Skip to content Skip to navigation

Internet Grading Service Reduces Tedium For Teachers, Students

Tomorrow's Teaching and Learning

Message Number: 


The posting below is from the Stanford Report on-line edition of May

25, 2000. It looks at a new Internet grading service currently being

used in college-level logic courses, but which has the potential for

use in other courses across a wide range of disciplines.


Rick Reis

UP NEXT: The Case for an Anthropological Pedagogy

Tomorrow's Teaching and Learning


----------------- 1,657 words ---------------


By Kathleen O'Toole

Stanford Report

On-Line edition, May 25, 2000

After dinner when he needs a pick-me-up, John Etchemendy often sneaks

off to watch students submit their homework. Tapping into the

Internet from his home computer, the professor of philosophy and

author of logic textbooks and software reaches one of two Sun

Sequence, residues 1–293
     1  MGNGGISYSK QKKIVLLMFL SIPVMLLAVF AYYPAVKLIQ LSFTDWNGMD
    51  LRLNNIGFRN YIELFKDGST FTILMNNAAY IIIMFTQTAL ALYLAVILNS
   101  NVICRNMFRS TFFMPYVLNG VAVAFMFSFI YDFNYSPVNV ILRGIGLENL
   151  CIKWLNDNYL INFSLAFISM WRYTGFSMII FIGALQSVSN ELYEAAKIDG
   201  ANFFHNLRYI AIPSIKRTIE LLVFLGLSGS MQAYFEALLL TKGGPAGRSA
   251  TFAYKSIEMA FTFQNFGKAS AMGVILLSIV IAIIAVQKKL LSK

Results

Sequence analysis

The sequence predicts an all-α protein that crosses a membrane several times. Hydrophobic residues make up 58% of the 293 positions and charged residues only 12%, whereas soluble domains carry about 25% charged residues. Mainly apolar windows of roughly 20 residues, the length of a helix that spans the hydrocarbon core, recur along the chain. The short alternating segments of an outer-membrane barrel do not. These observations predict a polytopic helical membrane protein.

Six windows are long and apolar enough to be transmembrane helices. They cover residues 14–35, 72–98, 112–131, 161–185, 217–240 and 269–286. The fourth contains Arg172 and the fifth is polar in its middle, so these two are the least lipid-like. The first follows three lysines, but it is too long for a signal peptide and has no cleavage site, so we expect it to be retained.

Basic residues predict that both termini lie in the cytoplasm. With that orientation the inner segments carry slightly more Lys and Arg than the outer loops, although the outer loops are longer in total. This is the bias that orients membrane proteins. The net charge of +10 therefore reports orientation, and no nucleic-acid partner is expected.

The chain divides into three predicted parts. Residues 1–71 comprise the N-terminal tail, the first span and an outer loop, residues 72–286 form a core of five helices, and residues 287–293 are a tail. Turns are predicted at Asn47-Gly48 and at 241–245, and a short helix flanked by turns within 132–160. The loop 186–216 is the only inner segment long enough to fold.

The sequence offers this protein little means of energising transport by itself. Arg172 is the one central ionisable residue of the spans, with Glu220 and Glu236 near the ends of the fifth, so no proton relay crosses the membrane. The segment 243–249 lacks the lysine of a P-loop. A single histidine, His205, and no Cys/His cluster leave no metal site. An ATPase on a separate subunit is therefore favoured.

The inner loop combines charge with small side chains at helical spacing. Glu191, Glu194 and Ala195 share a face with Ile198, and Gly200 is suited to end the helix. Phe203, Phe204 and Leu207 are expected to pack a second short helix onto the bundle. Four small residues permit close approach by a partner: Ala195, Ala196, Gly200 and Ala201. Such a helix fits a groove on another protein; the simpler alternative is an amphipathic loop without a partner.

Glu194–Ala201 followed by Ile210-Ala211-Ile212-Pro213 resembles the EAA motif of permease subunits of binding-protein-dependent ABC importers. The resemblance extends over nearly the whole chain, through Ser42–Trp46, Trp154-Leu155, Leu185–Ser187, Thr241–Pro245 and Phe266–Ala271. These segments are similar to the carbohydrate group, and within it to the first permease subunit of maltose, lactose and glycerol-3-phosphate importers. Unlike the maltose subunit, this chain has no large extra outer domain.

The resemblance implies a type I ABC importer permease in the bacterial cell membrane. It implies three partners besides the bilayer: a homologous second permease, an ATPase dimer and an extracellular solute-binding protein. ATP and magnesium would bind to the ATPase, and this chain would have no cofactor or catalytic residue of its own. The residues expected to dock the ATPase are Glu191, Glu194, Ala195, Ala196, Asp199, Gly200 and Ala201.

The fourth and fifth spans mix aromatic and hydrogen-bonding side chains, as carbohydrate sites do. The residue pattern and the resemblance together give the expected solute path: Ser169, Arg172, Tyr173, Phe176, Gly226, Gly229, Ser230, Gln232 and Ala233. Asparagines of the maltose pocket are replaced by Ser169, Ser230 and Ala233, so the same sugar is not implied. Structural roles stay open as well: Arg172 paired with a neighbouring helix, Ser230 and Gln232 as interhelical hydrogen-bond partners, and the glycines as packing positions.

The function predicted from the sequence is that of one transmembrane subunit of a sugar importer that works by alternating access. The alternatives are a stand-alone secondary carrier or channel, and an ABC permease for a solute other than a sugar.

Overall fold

workstations named Grade Grinder. He can watch as the wannabe

historians and lawyers taking logic from Professor John Justice at

Randolph-Macon Woman's College and the tech majors taking logic from

Professor Selmer Bringsjord at Rensselaer Polytechnic Institute (RPI)

submit answers to their problem sets.

These students and others taking introductory logic courses around

the country use the Internet to interact with Grade Grinder, a

robotic teaching assistant that doesn't give them answers to

problems, but gives them hints and reminders of principles they have

previously encountered. The robot's advice is personalized to address

the specific shortcomings of the last answer each student has

submitted, and it is delivered by e-mail in seconds. That compares to

the week or more that is typical of feedback from a human grader.

Grade Grinder is an Internet grading service that is provided with

purchase of a new textbook, Language Proof and Logic, and four pieces

of software. Etchemendy co-authored the package with the late Jon

Barwise of the University of Indiana and formerly of Stanford, and a

team of researchers at Stanford's Center for the Study of Language

and Information (CSLI) and Indiana's Visual Inference Laboratory.

Co-published last fall by CSLI Publications and a commercial textbook